Whenever I tell my friends who cycle daily about my abortive attempt to ride a bike in the city, I always get one of two responses:

        1) A hearty and/or condescending laugh that I even attempted this, as I obviously had no business attempting it.

        2) An angry rant about how I *should* be able to ride my bike without being afraid of cars.

        I kind of divide these two into the fighter pilot camp and the revolutionary camp. Most of the folks I know are actually a mix between the two extremes.

        I think one reason why some drivers are so upset at the attitudes of cyclists (in my city, at least) is that it takes a certain type of person to continue to ride their bike every day under these kind of conditions. Natural selection has made it so that those still on bikes are the type of people who not only pay attention to what they’re doing, but also keep an eye out for you opening your door, chatting on your phone, swerving into their lane, etc.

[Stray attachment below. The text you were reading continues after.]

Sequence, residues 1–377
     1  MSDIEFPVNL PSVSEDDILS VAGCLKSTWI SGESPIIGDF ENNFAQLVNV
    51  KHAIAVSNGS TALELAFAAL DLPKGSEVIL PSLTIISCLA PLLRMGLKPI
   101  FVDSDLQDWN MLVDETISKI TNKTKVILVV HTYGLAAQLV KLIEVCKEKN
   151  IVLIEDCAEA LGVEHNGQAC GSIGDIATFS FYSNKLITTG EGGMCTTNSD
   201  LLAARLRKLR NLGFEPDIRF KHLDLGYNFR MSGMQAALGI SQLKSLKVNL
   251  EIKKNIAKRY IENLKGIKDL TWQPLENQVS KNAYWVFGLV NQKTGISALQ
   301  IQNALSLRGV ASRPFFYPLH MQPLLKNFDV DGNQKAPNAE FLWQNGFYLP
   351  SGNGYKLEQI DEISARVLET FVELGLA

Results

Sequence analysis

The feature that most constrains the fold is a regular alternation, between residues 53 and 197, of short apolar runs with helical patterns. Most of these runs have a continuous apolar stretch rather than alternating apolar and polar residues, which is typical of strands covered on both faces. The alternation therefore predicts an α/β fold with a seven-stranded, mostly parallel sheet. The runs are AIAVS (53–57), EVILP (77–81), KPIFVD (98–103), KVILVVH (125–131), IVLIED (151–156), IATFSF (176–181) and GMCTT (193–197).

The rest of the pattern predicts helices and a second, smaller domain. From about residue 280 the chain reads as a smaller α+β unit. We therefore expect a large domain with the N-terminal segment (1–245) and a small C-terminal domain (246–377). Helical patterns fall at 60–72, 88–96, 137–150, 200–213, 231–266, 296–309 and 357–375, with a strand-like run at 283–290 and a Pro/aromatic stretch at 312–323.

Their attitude comes off as superior because they spend a *lot* of time avoiding large fast-moving objects that could kill them if they aren’t paying attention.

    • Anonymous says:

      1. It’s perfectly legal to ride on the road. In some places it’s mandatory.
      2. It’s SAFER to do so. If I’m on the footpath I’m more likely to be killed crossing a road or by cars leaving driveways.

    • Anonymous says:

      Hey smarts! MOst of the time there is no sidewalk and P.S. in most states it is illegal for cyclists to ride on the sidewalk, especially if is a pedestrian!

    • jackie31337 says:

      Were you aware that in most of the USA, bicycles are considered traffic and are specifically required to ride in the road unless there is a designated bicycle path/lane? In most places, only children under a certain age (for example, 12) are allowed to ride on the sidewalk at all.

    • Anonymous says:

      Obvious troll is obvious

    • cratermoon says:

      In the immortal words of the Internet, ucfmatt, Get A Brain! Moran

  48. MattF says:

    “Trickle-Down Justice.” It’s good for everybody in the long run… As long as you’re not the loser who gets run over.